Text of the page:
By Audrey Rowland
Fade director Tatyana-Marie Carlo has had an exciting year — filled with a lot of directing and a lot of theater, and she wouldn’t have it any other way. She is about to graduate from the Brown/ Trinity Rep MFA program in Directing, so 2019 started off with a production for that program of Qui Nguyen’s She Kills Monsters. Before the semester even ended, she was deep in the process of directing Much Ado About Nothing/Tanta Bulla ¿Y Pa Que? for Teatro en El Verano, the collaboration between Trinity Rep and Rhode Island Latino Arts that brings free, bilingual theater around the state each summer. Once that show was on its feet, she was off to Williamstown Theater Festival in western Massachusetts where she was named the 2019 Matt Harris Directing Fellow. As soon as that wrapped up, she raced back to Providence for her final MFA project — a production of José Rivera’s References to Salvador Dalí Make Me Hot. Last month, she worked with Manton Avenue Project directing a special bilingual musical written by their young playwrights. Now, she’s at the helm of our current production of Fade. We’re excited for our audiences to get to know her better. You’ll see her work on stage, but you can learn more about her history here. Our Marketing intern Audrey Rowland recently sat down to get to know her.
Audrey Rowland: How did you get started in directing?
Tatyana-Marie Carlo: I was in undergrad, in a conservatory program for acting. Most of the students were female, and they were doing plays with predominantly male leads and there wasn’t really a focus on the women. We revolted, and the Dean asked us what we wanted to do. It was up to us to figure it out. They allowed us to put on our own production of Twelve Angry Women and it was my first time directing. After that, I spoke with my mentor, who encouraged me to direct, advised me, and helped me along the way.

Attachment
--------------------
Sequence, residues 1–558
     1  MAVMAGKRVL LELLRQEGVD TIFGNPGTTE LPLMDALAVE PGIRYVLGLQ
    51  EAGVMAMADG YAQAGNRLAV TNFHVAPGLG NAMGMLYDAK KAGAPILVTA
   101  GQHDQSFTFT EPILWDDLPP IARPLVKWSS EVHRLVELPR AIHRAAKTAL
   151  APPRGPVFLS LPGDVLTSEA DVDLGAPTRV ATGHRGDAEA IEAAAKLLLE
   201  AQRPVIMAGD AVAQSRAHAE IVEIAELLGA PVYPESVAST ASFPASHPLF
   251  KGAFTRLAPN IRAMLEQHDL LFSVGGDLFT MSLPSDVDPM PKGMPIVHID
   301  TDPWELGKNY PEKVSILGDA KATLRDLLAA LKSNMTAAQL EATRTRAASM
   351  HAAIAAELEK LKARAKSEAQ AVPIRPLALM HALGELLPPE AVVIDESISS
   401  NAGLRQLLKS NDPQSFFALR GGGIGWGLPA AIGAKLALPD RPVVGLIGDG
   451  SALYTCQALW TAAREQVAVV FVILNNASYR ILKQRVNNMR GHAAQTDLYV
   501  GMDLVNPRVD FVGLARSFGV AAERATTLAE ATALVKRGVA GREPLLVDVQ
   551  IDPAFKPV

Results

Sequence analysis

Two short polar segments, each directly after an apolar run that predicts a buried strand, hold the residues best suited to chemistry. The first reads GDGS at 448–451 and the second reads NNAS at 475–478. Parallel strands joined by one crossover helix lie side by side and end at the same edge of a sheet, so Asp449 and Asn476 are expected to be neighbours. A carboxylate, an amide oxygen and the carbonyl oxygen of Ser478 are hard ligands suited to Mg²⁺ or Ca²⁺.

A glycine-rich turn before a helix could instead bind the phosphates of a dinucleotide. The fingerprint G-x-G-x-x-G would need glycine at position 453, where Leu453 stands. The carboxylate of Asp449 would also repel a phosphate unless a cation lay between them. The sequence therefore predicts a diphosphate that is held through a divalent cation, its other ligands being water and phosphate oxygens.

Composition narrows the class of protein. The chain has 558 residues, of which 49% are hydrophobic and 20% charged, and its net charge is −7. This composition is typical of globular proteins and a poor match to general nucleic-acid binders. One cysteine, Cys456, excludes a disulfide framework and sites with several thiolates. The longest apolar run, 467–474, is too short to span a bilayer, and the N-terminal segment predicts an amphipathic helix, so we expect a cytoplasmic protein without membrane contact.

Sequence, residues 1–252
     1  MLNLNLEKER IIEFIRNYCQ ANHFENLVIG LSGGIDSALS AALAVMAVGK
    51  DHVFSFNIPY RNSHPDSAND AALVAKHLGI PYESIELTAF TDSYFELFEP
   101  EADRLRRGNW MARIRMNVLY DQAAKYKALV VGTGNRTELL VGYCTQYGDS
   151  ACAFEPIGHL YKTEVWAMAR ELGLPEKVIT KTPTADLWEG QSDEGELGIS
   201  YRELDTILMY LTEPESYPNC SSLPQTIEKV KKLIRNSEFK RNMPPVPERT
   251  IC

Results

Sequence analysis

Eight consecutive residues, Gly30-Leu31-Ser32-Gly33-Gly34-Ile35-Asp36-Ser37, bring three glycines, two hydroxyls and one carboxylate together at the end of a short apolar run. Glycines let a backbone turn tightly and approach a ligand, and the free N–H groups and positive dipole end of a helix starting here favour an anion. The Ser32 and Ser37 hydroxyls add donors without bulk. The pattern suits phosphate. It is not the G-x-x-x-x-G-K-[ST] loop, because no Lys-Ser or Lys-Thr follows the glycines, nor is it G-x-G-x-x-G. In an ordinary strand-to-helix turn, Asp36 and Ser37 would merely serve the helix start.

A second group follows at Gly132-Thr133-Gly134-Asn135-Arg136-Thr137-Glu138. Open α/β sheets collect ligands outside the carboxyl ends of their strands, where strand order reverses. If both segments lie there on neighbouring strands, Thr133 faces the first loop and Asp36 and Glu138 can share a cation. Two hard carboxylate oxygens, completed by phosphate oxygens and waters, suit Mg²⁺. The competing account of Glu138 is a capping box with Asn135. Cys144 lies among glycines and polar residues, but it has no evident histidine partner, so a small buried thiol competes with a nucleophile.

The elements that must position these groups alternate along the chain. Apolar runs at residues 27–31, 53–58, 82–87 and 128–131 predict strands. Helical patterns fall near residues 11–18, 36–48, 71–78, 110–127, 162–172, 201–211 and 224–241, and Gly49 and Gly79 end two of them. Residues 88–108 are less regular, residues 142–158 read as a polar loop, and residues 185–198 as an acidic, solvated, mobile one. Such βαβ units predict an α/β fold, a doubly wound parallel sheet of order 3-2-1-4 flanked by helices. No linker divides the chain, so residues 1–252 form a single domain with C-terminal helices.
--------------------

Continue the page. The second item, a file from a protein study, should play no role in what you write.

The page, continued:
AR: Before you discovered your love for directing, what were your plans for the future?
TMC: I wanted to be an actor! I thought for a long time that’s what I loved to do, before I discovered directing. Thom Jones, who taught at Brown/Trinity Rep, talks about leaning into the thing that’s pulling you. Directing was that thing.
AR: What’s something you wish people knew about directing?
TMC: How much prep goes into it! You don’t just walk in on the first day and direct a play. References to Salvador Dalí Make Me Hot opened this October, and I started working on it in March. Imagine if you’re someone who is doing plays all over the country! The process of the play starts six, maybe even seven, months before your first rehearsal.
AR: How would you describe yourself as a director?
TMC: I’m a very collaborative director. I love for every single person in the room to have a voice and agency over what they’re doing. I have a particular vision, and I’ll try to execute that vision, but I always try to leave space for the actors, designers, and other collaborators to also see themselves in the piece. It takes a village.
AR: You had some experience directing a show in this same space when you were the assistant director for The Song of Summer. What was
that experience like?
TMC: The Song of Summer was so great! I was really included in the process. [Director] Taibi Magar, who just finished directing The Prince of Providence, always included me in her ideas or decisions. Whenever there was something I didn’t understand in her directing process, she would explain why she did it and how it helped her. There was one moment when she started listening to a certain scene facing away from the stage, which I thought was strange. She said that sometimes, you have to shift your perspective in order to hear the scene in a new way.
AR: The characters in Fade speak Spanish to each other during some moments in this show. You’ve also directed bilingual characters for the Teatro en El Verano production of The Tempest/La Tempestad and Much Ado About Nothing/Tanta Bulla ¿Y Pa Que? What is it like to direct a show that uses more than one language?
TMC: It’s so fun. One thing that I love about bilingual theater is that it has a larger reach. My grandmother, who is 91 years old, does not speak English, and I have cousins that don’t speak Spanish. All of us together as a family can watch a bilingual play and understand it if it’s executed correctly, with both language and physicality telling the story. It brings people together and it creates fewer barriers.